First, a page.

Since starting to write Urban Kultur Blog over a year and a half ago, I’ve spent time in some of Europe and North America’s most renowned cities for street art. Berlin, London & New York, for example, had all been scored off the list, in some cases more than once. Yet Paris remained unexplored.
Sometimes a city whose tourism persona revolves around romantic breaks, a playground for the hopelessly in love, doesn’t immediately scream and shout ‘underground culture’…sometimes it’s the quiet ones you need to watch for.
Beyond the familiar sights of the Eiffel Tower, Champs Elysees, and Sacre Coeur, in the cities grittier neighbourhoods less visited by the ‘long-weekenders’, lay some of Europe’s most respected street art. All notions of romance are put on hold while digging into the 10th, 11th, 19th and 20th arrondissements to root out the city’s prime artwork.
It can be easy to become bogged down in the same culture and artists specific to certain cities. So as an outsider of the Parisian scene, coming into contact with it in person for the first time, it was great to experience some new art and artists first hand. Here are just 5 of the many artists that I really enjoyed discovering, or in some cases revisiting, in Paris.
As one of a small group of female street artists working in the French/Parisian scene at the moment, and even fewer operating with a delicate moustache, Kashink’s work refuses to go unnoticed.
Her characters, usually men, “preferably fat and hairy, looking like badass yet sensitive gangsters, alien-looking ogres, or shamans from ancient tribes” are unmistakably hers. Similar in their vibrancy, vividness and immediate likeability to the work of Mr Penfold and Malarky, but with the clear influence from Frida Kahlo’s work, most notably through her inclusion of references to Amerindian and Mexican culture.
Despite the playful appearance of her paintings, her recent mural at the Canal St Martin in support of proposed same sex marriage laws showed that she’s not afraid of tackling current affairs through her art.
Her work commands the space it appears in with its vibrancy.
2. Le MoDuLe De Zeer
Le MoDuLe De Zeer (LMDLDZR) is an artist whose creations I had never previously crossed paths with. However, his work has seen wider audiences in Europe and North America as part of his citywide tic-tac-toe series.
His designs are simplistic, but masterful in their composition. What appear to be futuristic style machinery components merge into one another, with a melange of stark black lines emerging.
With every refocus, a previously unseen element emerges and forces another adjustment in perspective. Le MoDuLe De Zeer’s art keeps on working, pulling you in and refusing to let go.
Having initially discovered Ludo’s art through his “co-branding” project where prime advertising hoarding locations in cities throughout Europe were hi-jacked and his collage work inserted, I’d made sure to keep an eye out for more from this popular underground figurehead.
Since moving on from that project, the majority of his art explores the theme of ‘nature’s revenge’ by creating a collage composed of nature’s elegance and the uncompromising harshness of technology (often war technology), diversifying nature into something more mechanical, brutal and industrial. Part of what makes it special is that it starts a dialogue with passers-by, shaking them with his message in trademark nuclear ‘Ludo’ green and grey.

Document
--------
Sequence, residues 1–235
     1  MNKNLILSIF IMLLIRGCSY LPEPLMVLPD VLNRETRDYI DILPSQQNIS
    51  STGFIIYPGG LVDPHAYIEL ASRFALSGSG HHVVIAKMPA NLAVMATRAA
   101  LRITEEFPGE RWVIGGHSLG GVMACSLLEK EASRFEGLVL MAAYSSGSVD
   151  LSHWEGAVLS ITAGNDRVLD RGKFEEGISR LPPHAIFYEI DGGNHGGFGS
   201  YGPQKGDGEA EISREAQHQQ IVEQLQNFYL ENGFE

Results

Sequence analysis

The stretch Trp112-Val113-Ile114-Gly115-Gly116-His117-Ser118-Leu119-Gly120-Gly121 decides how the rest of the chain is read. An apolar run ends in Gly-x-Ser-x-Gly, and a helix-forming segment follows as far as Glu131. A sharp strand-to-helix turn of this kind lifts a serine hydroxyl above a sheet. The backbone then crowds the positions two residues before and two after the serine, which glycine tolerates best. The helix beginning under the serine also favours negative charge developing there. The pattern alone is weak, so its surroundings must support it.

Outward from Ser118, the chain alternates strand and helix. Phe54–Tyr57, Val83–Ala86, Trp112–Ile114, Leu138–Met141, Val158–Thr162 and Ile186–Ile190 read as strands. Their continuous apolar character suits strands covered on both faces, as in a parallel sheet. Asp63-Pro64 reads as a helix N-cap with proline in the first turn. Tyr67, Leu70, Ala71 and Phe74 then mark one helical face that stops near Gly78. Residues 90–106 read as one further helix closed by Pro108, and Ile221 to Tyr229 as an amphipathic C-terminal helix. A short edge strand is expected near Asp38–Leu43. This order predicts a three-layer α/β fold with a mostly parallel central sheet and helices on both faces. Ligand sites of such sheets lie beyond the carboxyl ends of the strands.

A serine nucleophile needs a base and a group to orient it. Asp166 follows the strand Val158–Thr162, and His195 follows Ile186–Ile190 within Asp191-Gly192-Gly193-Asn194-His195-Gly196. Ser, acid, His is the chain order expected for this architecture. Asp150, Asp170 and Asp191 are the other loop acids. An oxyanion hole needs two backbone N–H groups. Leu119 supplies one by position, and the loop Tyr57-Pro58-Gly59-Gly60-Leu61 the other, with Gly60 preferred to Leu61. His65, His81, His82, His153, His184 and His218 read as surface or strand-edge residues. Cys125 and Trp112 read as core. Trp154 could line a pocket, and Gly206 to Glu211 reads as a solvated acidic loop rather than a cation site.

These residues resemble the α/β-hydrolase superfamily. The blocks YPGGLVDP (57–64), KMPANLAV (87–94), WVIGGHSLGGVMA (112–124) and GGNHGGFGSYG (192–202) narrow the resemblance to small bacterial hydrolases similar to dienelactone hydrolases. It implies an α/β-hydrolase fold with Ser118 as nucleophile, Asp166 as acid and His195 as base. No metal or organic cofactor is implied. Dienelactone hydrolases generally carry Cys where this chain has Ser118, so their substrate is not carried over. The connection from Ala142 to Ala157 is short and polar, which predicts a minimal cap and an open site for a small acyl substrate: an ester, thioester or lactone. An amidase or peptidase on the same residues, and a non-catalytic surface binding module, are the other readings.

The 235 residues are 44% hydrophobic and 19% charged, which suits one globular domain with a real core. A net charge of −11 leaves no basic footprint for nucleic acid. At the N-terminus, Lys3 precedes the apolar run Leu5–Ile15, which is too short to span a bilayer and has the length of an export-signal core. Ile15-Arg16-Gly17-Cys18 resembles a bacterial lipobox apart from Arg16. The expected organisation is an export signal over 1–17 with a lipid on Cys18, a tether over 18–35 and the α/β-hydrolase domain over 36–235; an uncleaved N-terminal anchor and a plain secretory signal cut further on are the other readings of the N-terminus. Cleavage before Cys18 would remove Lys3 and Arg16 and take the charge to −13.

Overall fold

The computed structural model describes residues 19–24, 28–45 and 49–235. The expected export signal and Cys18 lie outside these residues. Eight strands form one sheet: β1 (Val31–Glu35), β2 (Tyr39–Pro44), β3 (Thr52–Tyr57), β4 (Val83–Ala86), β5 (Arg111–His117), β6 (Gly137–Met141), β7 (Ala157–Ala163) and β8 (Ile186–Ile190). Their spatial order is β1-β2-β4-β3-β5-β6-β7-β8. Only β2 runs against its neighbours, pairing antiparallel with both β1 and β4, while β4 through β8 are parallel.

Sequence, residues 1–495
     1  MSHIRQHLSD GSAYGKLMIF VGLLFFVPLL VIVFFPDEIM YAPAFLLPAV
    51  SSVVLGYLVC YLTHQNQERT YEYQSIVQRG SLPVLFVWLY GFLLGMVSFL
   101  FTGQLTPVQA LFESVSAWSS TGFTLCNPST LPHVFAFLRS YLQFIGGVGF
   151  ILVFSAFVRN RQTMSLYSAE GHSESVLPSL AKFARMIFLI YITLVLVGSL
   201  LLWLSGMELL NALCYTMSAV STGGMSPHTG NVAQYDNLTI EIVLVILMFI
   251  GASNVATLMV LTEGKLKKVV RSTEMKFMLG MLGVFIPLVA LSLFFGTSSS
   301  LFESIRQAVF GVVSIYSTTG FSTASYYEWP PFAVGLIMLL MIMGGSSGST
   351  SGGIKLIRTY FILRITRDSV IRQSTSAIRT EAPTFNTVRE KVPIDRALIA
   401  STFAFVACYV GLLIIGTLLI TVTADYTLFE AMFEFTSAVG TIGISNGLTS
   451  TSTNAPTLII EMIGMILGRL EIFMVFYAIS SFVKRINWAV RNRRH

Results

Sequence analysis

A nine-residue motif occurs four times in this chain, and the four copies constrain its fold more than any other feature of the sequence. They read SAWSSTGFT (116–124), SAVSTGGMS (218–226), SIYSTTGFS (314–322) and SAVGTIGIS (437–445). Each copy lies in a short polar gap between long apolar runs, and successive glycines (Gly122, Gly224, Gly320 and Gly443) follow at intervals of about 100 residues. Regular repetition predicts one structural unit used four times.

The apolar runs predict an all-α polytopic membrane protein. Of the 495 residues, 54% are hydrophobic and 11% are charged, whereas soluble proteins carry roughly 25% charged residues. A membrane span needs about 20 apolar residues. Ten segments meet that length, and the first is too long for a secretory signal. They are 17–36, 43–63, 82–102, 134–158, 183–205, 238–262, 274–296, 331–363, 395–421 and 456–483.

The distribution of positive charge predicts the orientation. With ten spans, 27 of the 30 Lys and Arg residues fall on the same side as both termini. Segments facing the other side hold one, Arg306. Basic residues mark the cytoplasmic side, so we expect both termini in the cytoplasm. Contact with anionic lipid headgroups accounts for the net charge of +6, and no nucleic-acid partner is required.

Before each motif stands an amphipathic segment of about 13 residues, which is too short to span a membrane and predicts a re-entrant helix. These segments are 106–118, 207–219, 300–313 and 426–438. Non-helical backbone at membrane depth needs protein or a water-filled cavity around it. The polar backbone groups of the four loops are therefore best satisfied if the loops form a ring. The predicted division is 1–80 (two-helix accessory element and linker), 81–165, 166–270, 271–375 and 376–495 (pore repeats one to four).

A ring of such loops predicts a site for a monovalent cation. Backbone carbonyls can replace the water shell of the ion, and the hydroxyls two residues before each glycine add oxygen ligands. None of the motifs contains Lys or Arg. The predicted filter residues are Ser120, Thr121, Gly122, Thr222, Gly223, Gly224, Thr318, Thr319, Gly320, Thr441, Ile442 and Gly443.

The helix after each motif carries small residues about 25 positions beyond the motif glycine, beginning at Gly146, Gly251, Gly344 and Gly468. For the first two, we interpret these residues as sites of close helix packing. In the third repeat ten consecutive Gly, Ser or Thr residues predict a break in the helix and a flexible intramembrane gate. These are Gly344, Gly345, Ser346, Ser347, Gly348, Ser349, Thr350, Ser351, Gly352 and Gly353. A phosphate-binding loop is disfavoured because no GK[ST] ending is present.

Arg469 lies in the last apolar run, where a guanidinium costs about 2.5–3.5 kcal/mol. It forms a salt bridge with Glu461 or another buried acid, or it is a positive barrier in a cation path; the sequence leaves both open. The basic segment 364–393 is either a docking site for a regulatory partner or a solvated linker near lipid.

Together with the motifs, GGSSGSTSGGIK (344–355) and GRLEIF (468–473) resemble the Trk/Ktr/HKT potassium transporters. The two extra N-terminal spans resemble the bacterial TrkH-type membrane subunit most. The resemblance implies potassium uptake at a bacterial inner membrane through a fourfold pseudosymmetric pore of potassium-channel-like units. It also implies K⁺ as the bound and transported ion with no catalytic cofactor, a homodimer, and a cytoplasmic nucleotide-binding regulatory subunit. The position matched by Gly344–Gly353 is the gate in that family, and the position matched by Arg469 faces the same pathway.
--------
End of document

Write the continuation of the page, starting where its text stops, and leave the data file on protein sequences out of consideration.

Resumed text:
People who aren’t necessarily interested in street art can be drawn into the ‘conversation’, while others can stand and admire the art for what it is. It’s street art for everyone, even if the intended argument is not one with which they fully agree.
4. Space Invader
While it can be rewarding and interesting to be drawn into discussion over the themes and messages of street art (I’m guilty for over analysing, can you tell?), work with a light-hearted outlook is often just as satisfying to discover and see in person. Chances are your city has been invaded by the 8-bit creations of Invader, now a global phenomenon.
Space Invader (the alleged cousin of Thierry Guetta aka Mr Brainwash, featured in Banksy’s feature film, ‘Exit Through the Gift Shop’) first set Tomohiro Nishikado’s 70s video-game inspired aliens free in Paris during the late 90s, and have dominated global street art since.
Part of what endears me, and possibly others, to these tile mosaics is the enjoyment of finding them, it feels like an achievement to spot them, and know their background. It garners a notion of being ‘in on’ the story, or one of the group, as others wander by oblivious.
5. Jérôme Mesnager
As far as veterans of street art go, Jérôme Mesnager can be considered one of a handful of pioneers of street art, not just in Paris, but worldwide, active since the early 80s.
His name is stands side by side with the likes of Blek le Rat (often cited as a heavy inspiration of Banksy’s stencil style), JR and Jef Aerosol. From a personal point of view, I felt that it was his work, both on street-level and in the large scale ‘C’est nous les gars de Ménilmontant mural, helped to distinguish Parisian street art from that of London or Berlin.
His art is subtle, almost classical, and uncomplicated yet the white man – a symbol of ‘light, strength and peace’ – is still formidable after all this time. UKB